Throughout the entirety of The Wicker Man, scenes consistently and uncomfortably play out on the verge of becoming a full frontal musical. Whether it be strange pagan rituals, the excavation of old coffins or hypnotic Morris dancing, Hardy managed to find a musical number to accompany each. By doing this, Hardy and his creative team were able to create a consistent sense of unease throughout the film, after all there's nothing creepier than watching a pagan ritual being accompanied by the high pitched chants of a Scottish troop. This combination of picturesque locations, fairy-tale style musical numbers and pagan rituals all contributes to the creation of an atmosphere that constantly causes the audience to feel as if something terrible is hiding around the corner, just waiting to take this unique motion picture down an alley they never thought it would care to venture.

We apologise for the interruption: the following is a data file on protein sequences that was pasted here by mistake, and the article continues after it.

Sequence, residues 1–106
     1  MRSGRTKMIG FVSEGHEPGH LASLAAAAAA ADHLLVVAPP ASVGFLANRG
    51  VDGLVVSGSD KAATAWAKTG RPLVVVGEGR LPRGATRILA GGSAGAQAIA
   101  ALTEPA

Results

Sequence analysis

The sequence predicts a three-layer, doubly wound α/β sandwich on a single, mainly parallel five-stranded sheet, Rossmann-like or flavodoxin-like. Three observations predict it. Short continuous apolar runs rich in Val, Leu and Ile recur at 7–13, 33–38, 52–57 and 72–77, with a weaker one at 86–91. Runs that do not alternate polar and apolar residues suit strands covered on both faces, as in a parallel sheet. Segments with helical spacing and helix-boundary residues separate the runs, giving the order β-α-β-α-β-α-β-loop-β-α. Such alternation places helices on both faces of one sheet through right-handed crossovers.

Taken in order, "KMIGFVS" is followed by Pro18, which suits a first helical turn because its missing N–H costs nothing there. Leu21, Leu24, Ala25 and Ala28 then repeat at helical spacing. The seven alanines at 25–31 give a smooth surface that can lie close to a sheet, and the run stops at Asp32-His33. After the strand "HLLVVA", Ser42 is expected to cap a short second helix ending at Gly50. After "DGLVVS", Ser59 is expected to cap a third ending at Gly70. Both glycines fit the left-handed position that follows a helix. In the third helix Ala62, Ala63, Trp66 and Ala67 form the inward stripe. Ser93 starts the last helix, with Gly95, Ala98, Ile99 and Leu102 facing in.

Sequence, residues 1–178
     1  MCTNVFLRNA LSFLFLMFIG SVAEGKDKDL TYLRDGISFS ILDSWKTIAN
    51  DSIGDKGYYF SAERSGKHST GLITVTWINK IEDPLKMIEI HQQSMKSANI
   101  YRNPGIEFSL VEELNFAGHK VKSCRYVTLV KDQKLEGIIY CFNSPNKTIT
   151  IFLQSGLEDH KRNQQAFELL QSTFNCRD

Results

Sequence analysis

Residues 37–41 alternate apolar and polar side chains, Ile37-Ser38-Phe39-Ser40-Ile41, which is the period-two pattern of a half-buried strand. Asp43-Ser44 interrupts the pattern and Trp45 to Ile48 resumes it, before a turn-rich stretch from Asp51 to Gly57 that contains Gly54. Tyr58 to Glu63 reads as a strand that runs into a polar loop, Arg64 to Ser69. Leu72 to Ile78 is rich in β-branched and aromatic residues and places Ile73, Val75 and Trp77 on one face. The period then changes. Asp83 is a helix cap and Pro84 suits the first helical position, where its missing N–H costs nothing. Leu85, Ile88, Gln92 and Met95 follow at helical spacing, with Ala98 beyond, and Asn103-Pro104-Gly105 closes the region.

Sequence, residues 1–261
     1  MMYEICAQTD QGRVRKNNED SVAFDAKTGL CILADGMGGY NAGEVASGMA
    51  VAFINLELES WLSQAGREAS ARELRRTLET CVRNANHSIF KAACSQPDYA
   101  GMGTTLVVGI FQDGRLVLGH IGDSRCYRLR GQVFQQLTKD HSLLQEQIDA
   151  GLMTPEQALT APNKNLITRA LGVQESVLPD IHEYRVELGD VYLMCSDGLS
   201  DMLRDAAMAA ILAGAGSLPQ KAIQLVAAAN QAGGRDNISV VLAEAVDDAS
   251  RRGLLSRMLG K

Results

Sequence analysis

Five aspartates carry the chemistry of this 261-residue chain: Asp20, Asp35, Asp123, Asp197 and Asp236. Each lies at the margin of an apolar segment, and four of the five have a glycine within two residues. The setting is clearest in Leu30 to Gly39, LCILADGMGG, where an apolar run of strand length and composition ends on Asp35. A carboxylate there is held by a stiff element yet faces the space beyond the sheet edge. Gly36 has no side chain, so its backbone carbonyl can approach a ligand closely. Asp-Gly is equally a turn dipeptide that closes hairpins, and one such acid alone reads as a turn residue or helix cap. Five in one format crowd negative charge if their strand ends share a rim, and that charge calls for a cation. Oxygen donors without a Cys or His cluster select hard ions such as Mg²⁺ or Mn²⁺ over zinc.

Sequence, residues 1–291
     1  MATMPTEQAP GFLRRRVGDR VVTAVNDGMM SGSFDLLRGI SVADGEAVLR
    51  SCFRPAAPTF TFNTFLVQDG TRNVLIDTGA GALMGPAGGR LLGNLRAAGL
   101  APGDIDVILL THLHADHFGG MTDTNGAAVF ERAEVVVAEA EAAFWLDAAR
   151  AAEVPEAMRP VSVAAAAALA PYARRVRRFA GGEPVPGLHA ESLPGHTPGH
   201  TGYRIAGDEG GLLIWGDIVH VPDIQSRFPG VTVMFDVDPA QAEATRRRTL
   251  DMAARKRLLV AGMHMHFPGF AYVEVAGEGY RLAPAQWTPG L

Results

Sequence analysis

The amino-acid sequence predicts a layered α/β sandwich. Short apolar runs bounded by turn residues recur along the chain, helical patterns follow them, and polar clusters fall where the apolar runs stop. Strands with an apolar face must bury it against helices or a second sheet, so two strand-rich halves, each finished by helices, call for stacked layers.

Because of this strange sense of flowing story that the musical numbers seem to create, The Wicker Man feels strangely paced. For a film that is a cross between a thriller and a horror, it seems oddly predictable, yet remains utterly perplexing none the less. This theatrical infused pacing really helps to give the film a sense of direction in times when the plot begins to put the brakes on slightly. Because of the story decisions the film takes early on in the film, sending Sergeant Howie down different paths, The Wicker Man can at times feel slightly repetitive, continuously going around in circles as the Sergeant struggles to put clues together. However, these slightly dull aspects of the film are picked up as musical numbers are brought in, continuously pushing the story forward and keeping the attention of mystified audiences, for whenever it feels as if scenes are beginning to 'rinse and repeat' as it were, the eerie tracks of the Summerisle folk manage to keep tension and find terror in the more down beat sequences of the film.